- eCommerce

5 Reasons to Launch an eCommerce Website as an Agile Project

Agile has become a bit of a buzzword lately, jumping from software development to project management, to marketing and other fields. This has resulted in a somewhat chaotic situation where it is being used for all kinds of purposes, often missing the point completely.

For the purposes of this article, Agile will be used to denote the project management approach which borrows from Agile software development. In other words, we will investigate why you may want to launch an e-commerce website by utilizing Agile project management.

Get a Working Version Online ASAP

One of the key things in Agile software development is to create a working version of a piece of software as soon as possible. It can have a mere fraction of features and functionalities it will have as a finished product, but it will get in front of actual users sooner. This way, you can see how people actually use it, what they want, what they don’t want and how the application behaves in the real world.

This can also be beneficial for an eCommerce website for a very simple reason – you will probably not get everything right the first time anyway, so why not make mistakes quicker?

There are innumerable things that can go wrong with an e-commerce website – from jumbled, unclear categories to checkouts that don’t work; from issues with payment services to bad SEO optimization; from crashing pages to images that don’t load.

By putting your eCommerce store up live as soon as possible, you will identify all of these issues and resolve them before you wasted time and money trying to make everything perfect on the first try.

Utilizing User Feedback

Closely related to the first reason as to why Agile can work for e-commerce websites is another characteristics of this particular approach – collecting and acting upon user feedback.

Agile software development “introduced” close collaboration with customers and users (in our case, actual customers) as an alternative to volumes of requirements which plagued traditional software development and resulted in software which no one wanted to use.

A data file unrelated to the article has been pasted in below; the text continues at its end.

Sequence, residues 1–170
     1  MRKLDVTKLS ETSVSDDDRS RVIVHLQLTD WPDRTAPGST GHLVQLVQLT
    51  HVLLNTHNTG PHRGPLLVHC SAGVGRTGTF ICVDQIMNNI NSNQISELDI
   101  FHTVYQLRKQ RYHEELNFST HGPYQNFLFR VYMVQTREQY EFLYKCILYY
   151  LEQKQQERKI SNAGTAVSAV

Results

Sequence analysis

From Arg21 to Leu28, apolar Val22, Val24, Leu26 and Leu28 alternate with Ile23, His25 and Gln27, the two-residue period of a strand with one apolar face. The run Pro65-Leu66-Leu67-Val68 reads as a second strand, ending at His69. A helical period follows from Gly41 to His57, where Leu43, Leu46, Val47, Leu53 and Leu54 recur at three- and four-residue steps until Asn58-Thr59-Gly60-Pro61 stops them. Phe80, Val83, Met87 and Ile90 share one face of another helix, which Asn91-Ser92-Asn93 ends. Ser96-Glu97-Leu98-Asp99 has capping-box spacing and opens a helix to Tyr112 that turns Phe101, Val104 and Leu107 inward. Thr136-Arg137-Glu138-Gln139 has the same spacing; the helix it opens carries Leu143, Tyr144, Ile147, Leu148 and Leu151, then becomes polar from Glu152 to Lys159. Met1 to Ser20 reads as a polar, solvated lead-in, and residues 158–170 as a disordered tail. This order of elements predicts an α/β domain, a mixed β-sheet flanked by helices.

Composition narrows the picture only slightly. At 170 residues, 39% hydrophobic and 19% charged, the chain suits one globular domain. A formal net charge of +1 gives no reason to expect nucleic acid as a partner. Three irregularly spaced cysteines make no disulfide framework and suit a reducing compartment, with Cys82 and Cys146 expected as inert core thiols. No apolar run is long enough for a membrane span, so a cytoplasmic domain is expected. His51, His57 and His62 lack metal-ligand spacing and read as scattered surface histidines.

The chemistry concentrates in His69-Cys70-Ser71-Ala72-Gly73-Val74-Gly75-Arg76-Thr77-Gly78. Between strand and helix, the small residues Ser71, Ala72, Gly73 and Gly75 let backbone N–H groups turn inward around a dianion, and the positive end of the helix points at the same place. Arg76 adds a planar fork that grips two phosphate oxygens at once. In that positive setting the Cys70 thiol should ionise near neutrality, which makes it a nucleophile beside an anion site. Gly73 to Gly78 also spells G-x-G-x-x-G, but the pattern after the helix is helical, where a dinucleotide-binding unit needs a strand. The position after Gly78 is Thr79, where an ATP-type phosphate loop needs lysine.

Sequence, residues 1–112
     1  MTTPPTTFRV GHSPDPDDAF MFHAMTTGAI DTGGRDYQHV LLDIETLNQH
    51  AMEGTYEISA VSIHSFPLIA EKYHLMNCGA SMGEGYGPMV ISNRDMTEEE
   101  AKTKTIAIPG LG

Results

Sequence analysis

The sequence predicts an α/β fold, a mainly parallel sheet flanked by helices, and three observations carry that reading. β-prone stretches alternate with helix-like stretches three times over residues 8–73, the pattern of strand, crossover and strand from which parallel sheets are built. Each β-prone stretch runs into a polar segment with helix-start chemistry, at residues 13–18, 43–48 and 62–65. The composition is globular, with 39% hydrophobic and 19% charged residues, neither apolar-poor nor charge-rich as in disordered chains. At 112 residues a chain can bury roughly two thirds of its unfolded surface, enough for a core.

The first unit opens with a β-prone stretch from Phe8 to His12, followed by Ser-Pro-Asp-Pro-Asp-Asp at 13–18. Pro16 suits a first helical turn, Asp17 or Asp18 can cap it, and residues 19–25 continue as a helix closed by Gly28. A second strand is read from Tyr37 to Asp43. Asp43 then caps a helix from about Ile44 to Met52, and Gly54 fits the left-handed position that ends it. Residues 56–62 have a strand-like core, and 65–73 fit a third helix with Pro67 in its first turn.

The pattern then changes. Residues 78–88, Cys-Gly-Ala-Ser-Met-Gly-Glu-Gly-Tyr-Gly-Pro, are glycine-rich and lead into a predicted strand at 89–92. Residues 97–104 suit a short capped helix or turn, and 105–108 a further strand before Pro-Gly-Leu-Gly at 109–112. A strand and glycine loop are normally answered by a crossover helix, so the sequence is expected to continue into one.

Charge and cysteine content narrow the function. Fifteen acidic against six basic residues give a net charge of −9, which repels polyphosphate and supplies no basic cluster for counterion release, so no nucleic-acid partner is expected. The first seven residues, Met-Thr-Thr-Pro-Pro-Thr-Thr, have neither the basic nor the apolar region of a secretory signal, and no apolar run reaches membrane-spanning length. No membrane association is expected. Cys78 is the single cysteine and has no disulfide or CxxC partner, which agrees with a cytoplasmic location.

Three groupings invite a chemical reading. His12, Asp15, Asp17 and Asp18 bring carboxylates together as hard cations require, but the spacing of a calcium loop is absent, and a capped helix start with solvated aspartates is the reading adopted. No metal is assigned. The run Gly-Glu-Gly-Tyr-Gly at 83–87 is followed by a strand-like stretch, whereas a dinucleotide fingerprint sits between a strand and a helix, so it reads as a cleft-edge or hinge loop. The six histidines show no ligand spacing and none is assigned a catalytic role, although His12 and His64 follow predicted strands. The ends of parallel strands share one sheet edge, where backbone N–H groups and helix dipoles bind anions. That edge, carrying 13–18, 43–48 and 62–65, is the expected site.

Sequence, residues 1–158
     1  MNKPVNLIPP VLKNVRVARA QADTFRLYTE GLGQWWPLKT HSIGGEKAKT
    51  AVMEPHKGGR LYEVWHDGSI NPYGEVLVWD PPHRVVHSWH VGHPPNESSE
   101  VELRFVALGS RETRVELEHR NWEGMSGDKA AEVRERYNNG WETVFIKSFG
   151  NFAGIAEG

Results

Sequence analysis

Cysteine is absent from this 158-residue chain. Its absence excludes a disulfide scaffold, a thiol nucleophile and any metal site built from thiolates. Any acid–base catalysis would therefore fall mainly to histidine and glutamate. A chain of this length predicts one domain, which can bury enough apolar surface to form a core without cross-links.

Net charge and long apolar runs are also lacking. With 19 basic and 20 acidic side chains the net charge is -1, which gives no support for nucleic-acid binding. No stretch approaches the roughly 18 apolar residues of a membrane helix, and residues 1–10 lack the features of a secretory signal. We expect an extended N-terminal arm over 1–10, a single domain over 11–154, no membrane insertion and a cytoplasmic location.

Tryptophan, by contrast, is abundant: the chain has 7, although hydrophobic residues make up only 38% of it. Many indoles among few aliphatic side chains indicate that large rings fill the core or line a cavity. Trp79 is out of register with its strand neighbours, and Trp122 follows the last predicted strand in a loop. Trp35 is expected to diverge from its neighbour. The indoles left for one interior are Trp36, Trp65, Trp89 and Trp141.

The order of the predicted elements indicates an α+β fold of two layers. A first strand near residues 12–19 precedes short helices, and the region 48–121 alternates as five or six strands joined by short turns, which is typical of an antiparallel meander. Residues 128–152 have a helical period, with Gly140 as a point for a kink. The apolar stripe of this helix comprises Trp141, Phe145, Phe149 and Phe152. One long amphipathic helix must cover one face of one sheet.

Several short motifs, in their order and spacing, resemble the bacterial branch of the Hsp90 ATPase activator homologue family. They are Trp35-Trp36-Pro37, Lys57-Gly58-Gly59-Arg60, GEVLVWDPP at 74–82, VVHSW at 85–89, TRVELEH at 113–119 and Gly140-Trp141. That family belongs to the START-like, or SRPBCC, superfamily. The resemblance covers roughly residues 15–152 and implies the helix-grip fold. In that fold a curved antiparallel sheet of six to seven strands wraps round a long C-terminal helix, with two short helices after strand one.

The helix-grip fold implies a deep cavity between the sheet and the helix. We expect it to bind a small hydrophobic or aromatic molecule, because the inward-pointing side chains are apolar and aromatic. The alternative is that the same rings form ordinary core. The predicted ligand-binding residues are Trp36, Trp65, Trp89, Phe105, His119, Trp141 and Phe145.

Once you launch the early version of your eCommerce website (as suggested above), you should do everything in your power to learn how people use it, how they feel about it and what they would like to see added in the future.

This should go beyond merely asking for testimonials from your customers. This should entail various forms, emails, polls and anything else you can think of. Of course, there is a whole science to this and you should do well to research this more.

There is no better way to understand your e-commerce website than asking the people who use it what they think.

Inspection and Adaptation

Launching a successful e-commerce website is not a formulaic experience. There is no secret formula for getting everything right. There are simply too many factors that can influence the success of an e-commerce site.

This is what Agile does extremely well – it provides the frame of mind and the mechanisms which help you inspect your work and adapt when needed. In fact, one of the tenets of Agile Manifesto is Responding to change over following a plan.

For one, Agile entails working in small iterations (or cycles) which produce valuable increments of the product (your e-commerce website in our case). As a result, you get the chance to inspect everything you do often, identifying the mistakes and underperforming aspects of the website. Ultimately, this enables you to adapt more quickly and continuously improve your e-commerce site.